Someone said, “There goes the neighborhood’s intelligentsia,” upon hearing about a bookstore closing in the neighborhood. It was a quaint shop of diverse — mostly African-American — literature, music, and small gifts. The book store owner gladly ordered any book upon request, and she welcomed suggestions about upcoming books and authors. When I first moved into the neighborhood, seeing a book shop prominently display African-American literature, from the Nobel Peace Prize to the urban world fiction authors, warmed the heart. The shop had a cozy atmosphere with stained wooden shelves, framed autographs from notable authors, a painting of an angel reading a book that doubled as the shop’s logo, a play corner for young kids, and a long comfortable window seat. It was difficult to not stop in to say hello on the way to the coffee shop. Other times, a cup of coffee was enjoyed in the shop. Not only was the shop a place of literature, for it supported the community. It sponsored poetry events for young adults, introduced new authors, held reading workshops for children of various ages, and organized book clubs for adults. Read more
People who keep a well-stock supply of chocolate in their office are my buddies. My co-workers are the reason I can never be truly sugar-free. Yes, I’m playing the “blame game”. The other day, I had the audacity to request peanut butter cups, but I fail to restock their candy tray. As a thank you treat to my co-workers, I initially decided to make a chocolate pound cake. A decadent one. The type of cake that will kill a chocolate craving in one bite. However, when I went running last week, I realized I have to start making healthier meals. I still owe my co-workers some type of treat. Hopefully, the oatmeal cookies will be peacemaker with the co-workers. It’s a sugary, healthy treat. Perhaps, the cookies will prevent my overindulgence of their candy stash for one day.
Sidenote: I usually buy Callebaut bittersweet chocolate from Buon Italia in Chelsea Market because of the natural vanilla and rich true flavor of chocolate. I also use it when making hot or cold chocolate milk.
This is a faux, non-traditional Mole sauce, because a slower cooker, a food processor, a blender and store-brought grounded spices were used to shorten the prepping time. The tomato sauce is the fool’s proof technique of preventing a bitter taste. If these steps in this recipe appear laborious, then compare the prepping steps of a traditional mole sauce.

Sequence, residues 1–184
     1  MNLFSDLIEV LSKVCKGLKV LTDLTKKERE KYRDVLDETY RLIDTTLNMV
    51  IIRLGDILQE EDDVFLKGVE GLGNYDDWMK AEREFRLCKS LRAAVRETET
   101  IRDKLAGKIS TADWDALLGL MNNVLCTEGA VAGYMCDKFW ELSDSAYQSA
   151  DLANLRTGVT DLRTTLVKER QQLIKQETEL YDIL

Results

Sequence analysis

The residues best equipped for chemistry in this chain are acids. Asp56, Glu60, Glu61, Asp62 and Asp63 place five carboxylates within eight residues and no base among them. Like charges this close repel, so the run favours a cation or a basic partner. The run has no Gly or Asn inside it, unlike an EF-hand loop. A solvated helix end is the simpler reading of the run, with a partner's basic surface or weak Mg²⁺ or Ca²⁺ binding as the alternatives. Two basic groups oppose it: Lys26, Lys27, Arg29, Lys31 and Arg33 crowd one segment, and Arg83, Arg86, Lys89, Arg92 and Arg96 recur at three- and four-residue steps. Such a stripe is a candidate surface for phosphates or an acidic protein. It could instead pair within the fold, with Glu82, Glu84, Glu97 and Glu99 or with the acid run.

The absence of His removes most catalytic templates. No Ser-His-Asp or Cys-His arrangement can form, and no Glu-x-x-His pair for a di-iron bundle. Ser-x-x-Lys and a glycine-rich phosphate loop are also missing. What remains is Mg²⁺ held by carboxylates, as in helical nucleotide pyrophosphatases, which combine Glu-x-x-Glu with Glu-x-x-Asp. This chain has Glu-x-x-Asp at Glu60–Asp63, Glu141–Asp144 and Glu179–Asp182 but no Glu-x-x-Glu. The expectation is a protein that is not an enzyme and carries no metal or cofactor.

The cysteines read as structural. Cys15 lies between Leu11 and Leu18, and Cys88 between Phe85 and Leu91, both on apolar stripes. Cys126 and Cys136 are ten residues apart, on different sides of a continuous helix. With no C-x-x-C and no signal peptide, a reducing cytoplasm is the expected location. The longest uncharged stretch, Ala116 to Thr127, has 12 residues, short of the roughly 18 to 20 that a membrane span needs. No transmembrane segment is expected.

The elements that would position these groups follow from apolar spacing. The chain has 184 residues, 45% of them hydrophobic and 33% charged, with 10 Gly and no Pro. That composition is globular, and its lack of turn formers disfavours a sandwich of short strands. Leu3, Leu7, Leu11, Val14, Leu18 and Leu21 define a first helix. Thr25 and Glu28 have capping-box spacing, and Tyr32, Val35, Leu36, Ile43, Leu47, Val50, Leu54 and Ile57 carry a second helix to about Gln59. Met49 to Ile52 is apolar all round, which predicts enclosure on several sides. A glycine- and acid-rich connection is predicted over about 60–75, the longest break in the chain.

Traditional mole sauces require time, commitment, and attention to details. There are many versions representing Mexico’s regions. Each tedious step is crucial to the final result. It’s not a last minute sauce made on a weekday, nor is it a soup that uses old ingredients before they spoil (Many delicious chili recipes are made by “cleaning out the fridge” with old ingredients). Spices are brought whole and individually toasted before grinding them finely with a mortar and a pestle. The bitterest chocolate is used not for its false look of sweetness, but its inner soul of taste. Corn tortilla shells are fried to a crisp and turned into a mealy texture. Along with corn tortillas, nuts and sesame seeds thicken the sauce to harmonize the complex ingredients, and its raw taste will melt away. Ancho chilies are seeded, because the seeds will add to much spicy heat to the pot. Mole sauce requires a weekend of prepping and cooking. It’s why it’s traditionally made for weddings and special occasions.
Using a slow cooker allows other projects requiring the same amount of time, commitment and attention to details to be completed as a traditional mole sauce. Depending on a schedule, the sauce will cook in a slow cooker for at least four hours on high to ten hours on low heat. That’s many hours of freelance work that could be completed. Prep the ingredients in the morning for an exotic meal in the evening. It’s nice to appear as if I have my life together all of the time.
Between freelance projects and personal commitments, this was the best weekend to make a mole sauce. Simply not true. As stated above,
Traditional mole sauces require time, commitment, and attention to details.